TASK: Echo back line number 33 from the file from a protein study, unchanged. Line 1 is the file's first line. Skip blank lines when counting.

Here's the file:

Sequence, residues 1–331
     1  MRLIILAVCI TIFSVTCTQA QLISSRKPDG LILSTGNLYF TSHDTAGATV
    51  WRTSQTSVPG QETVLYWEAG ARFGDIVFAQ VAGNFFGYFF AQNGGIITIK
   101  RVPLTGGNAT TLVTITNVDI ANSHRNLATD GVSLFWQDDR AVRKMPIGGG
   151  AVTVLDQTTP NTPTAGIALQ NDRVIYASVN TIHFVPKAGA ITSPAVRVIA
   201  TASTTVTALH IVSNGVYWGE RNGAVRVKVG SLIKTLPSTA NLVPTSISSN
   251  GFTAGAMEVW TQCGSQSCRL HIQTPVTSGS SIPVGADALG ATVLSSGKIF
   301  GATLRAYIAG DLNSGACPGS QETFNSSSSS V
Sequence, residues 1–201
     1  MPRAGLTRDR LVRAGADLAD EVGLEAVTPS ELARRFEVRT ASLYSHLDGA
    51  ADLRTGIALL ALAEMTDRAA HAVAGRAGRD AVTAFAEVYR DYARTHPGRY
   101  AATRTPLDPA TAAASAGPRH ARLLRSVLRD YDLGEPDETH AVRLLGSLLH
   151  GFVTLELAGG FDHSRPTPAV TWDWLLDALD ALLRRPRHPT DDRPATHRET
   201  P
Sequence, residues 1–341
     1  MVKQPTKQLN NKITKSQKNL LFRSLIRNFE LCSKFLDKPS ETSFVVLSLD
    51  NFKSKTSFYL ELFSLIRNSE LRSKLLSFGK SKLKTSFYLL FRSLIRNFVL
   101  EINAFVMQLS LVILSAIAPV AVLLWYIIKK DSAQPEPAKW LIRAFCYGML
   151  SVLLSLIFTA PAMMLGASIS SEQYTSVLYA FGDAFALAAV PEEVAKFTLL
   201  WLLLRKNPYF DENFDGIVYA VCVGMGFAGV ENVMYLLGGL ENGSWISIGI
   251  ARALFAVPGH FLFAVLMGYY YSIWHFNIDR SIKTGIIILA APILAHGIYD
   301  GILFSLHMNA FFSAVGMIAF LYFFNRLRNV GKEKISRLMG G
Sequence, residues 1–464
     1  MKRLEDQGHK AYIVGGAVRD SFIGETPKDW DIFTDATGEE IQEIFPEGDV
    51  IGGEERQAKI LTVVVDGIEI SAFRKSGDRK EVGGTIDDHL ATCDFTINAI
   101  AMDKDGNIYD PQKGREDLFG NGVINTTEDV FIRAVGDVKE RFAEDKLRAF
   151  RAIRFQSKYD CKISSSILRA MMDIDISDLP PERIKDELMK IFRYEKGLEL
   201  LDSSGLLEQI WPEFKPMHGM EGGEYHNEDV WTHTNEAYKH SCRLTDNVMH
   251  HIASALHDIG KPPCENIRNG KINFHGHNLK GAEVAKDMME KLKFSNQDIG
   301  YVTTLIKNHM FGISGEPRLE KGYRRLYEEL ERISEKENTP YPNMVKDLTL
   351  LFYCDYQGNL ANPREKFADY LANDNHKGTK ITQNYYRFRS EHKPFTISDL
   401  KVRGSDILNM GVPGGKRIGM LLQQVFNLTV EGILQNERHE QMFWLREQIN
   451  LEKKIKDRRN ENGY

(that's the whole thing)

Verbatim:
   451  LEKKIKDRRN ENGY